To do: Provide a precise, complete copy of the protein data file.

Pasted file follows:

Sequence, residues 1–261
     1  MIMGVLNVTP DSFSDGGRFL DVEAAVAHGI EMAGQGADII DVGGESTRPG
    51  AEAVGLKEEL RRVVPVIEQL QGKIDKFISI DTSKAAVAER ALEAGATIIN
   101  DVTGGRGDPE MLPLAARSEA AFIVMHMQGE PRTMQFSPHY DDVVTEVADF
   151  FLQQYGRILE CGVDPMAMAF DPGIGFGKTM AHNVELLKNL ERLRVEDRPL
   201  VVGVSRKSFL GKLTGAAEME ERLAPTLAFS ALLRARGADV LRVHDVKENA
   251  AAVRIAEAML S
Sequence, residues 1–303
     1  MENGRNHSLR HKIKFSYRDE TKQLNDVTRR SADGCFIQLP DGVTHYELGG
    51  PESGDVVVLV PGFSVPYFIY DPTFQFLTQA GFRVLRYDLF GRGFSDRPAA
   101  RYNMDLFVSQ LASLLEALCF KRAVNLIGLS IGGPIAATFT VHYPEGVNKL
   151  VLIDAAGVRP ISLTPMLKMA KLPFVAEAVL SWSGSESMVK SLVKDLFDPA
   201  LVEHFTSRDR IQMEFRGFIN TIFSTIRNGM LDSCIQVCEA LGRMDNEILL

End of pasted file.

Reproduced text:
Sequence, residues 1–261
     1  MIMGVLNVTP DSFSDGGRFL DVEAAVAHGI EMAGQGADII DVGGESTRPG
    51  AEAVGLKEEL RRVVPVIEQL QGKIDKFISI DTSKAAVAER ALEAGATIIN
   101  DVTGGRGDPE MLPLAARSEA AFIVMHMQGE PRTMQFSPHY DDVVTEVADF
   151  FLQQYGRILE CGVDPMAMAF DPGIGFGKTM AHNVELLKNL ERLRVEDRPL
   201  VVGVSRKSFL GKLTGAAEME ERLAPTLAFS ALLRARGADV LRVHDVKENA
   251  AAVRIAEAML S
Sequence, residues 1–303
     1  MENGRNHSLR HKIKFSYRDE TKQLNDVTRR SADGCFIQLP DGVTHYELGG
    51  PESGDVVVLV PGFSVPYFIY DPTFQFLTQA GFRVLRYDLF GRGFSDRPAA
   101  RYNMDLFVSQ LASLLEALCF KRAVNLIGLS IGGPIAATFT VHYPEGVNKL
   151  VLIDAAGVRP ISLTPMLKMA KLPFVAEAVL SWSGSESMVK SLVKDLFDPA
   201  LVEHFTSRDR IQMEFRGFIN TIFSTIRNGM LDSCIQVCEA LGRMDNEILL